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Thanks to everyone who has downloaded or ordered a copy of my book, I really appreciate your support. If you enjoyed it please take a few minutes to leave a review on Amazon.

If you haven’t had a chance to get your own copy I’ve included one of my favourite passages from the book below. It looks at the importance of asking questions as one of the most important tools that can help you succeed in business.    

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Excerpt from ‘In The Groove: Applying the Principles of Jazz to Business’

 There’s a really wrong idea in the culture about how business innovation works. Watch movies like The Social Network and you get the idea that innovators come up with a great insight out of nowhere, run off to a party, and then rake in the dough. That is wrong on many levels: successful startup founders barely have time to sleep let alone party! But the fundamental mistake is to think of innovation as consisting of some magic idea that pops into a person’s head.

Business innovation involves starting with a solid foundation of knowledge and preparation and then building on that foundation. It’s not about creation ex nihilo, but about standing on the shoulders of the giants who came before. There’s no substitute for planning and experience, either what you glean from your own endeavors or what you learn from other people’s challenges and triumphs. Learning provides the reservoir of knowledge that you’ll need to rely on in order to successfully improvise, and preparation will give you the tools to execute on that learning.

So what is it you have to learn to start or grow your business, and how do you go about learning it? Basically, you need to learn about the past and about your customers—and your key tool is questions.

Your Most Powerful Learning Tool: Questions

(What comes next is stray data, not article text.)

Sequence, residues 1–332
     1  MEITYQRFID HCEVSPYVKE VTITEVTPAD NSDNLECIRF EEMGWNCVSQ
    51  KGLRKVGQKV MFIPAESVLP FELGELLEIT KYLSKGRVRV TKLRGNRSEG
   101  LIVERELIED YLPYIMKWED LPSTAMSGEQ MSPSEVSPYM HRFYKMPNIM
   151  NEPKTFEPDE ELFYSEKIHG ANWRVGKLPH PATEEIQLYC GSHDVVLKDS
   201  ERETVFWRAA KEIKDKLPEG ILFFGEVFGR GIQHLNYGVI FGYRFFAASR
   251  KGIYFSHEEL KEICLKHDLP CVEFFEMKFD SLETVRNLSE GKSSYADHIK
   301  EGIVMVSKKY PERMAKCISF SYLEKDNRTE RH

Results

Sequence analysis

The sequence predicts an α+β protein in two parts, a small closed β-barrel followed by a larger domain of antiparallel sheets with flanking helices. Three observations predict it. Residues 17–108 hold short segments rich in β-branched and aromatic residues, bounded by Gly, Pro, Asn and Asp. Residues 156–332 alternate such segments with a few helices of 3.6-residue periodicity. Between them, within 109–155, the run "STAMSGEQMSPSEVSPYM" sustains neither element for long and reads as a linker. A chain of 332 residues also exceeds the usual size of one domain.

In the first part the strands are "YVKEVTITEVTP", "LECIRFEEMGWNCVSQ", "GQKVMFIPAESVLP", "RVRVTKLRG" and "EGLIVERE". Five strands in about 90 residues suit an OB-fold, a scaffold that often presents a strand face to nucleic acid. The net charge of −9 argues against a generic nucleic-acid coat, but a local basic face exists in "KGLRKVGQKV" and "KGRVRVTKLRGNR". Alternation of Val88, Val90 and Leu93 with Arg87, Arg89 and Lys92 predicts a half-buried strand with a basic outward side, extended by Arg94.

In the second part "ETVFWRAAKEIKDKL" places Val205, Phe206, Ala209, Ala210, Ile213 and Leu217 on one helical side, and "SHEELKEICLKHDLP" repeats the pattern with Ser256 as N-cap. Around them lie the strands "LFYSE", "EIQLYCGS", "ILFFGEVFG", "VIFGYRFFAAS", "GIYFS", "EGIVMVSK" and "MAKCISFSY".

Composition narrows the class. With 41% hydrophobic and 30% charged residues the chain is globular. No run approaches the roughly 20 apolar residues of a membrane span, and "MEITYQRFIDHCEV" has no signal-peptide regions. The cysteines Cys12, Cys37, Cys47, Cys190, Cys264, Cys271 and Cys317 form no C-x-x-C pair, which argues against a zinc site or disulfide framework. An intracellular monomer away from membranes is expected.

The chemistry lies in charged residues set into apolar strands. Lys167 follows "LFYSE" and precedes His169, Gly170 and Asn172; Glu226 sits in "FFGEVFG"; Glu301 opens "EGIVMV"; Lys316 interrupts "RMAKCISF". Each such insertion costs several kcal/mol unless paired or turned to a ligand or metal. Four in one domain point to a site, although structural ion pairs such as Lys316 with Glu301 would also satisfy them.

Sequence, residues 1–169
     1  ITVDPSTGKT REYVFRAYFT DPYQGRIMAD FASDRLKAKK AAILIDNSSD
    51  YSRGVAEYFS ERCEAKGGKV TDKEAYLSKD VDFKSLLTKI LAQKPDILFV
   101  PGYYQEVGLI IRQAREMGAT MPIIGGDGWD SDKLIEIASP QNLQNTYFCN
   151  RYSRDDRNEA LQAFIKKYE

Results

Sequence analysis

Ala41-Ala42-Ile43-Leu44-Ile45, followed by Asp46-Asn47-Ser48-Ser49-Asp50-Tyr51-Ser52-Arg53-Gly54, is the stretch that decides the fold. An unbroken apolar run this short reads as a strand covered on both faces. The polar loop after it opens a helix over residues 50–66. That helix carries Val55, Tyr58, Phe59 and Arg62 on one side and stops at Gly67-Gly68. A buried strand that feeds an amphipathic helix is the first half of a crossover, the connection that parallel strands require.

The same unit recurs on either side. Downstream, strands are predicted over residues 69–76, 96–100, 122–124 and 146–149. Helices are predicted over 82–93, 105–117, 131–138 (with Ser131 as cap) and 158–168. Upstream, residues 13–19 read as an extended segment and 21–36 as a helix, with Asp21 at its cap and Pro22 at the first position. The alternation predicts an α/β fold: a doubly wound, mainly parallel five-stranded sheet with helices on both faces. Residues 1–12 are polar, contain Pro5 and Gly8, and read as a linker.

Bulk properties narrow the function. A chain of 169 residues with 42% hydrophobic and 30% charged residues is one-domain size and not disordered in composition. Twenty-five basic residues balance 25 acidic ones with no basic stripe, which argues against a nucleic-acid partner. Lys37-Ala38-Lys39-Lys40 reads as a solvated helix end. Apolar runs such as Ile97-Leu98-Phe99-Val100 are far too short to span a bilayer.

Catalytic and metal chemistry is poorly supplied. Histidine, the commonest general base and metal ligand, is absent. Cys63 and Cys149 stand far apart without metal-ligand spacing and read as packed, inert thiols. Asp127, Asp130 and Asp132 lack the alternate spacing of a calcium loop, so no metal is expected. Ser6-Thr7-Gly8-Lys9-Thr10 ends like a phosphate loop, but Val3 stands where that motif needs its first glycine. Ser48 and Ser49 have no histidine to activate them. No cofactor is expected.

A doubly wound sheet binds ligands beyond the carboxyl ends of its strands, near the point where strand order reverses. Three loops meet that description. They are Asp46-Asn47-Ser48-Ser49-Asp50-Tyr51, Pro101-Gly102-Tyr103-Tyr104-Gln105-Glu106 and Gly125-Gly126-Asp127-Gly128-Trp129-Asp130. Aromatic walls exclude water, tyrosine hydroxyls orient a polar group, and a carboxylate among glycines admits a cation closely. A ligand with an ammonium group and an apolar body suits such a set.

I think the typical image of a business leader is of a guy (always a guy), cigar in mouth, legs up on his desk, barking out orders to underlings. The truth is that the best leaders ask the best questions—and they ask questions a lot.

Learning is about harnessing the power of inquiry. When you ask questions, you give yourself access to a vastly greater sea of data than you would otherwise have. But sometimes people end up asking the wrong questions. When you ask the right questions, you put yourself in a position to identify routes of improvisation that you simply wouldn’t be able to conjure up otherwise.

Justine Musk, the first wife of SpaceX and Tesla founder Elon Musk, was asked once, “Will I become a billionaire if I am determined to be one and put in the necessary work required?” She answered:

“No. One of the many qualities that separate self-made billionaires from the rest of us is their ability to ask the right questions. This is not the right question. . . .

Shift your focus away from what you want (a billion dollars) and get deeply, intensely curious about what the world wants and needs. Ask yourself what you have the potential to offer that is so unique and compelling and helpful that no computer could replace you, no one could outsource you, no one could steal your product and make it better and then club you into oblivion (not literally). Then develop that potential.”

You have to ask questions, and you have to learn to ask the right questions. In a sense, this is obvious. But as with so many things, the most obvious stuff is often the stuff that we neglect to do. I think there’s a human tendency to take things for granted and assume that what we’re doing makes sense. There’s also an irrational fear that asking questions will make you seem like you’re the only one who doesn’t understand something. But the truth is that the smartest person in the room is usually the one who has the courage to say “I don’t know.”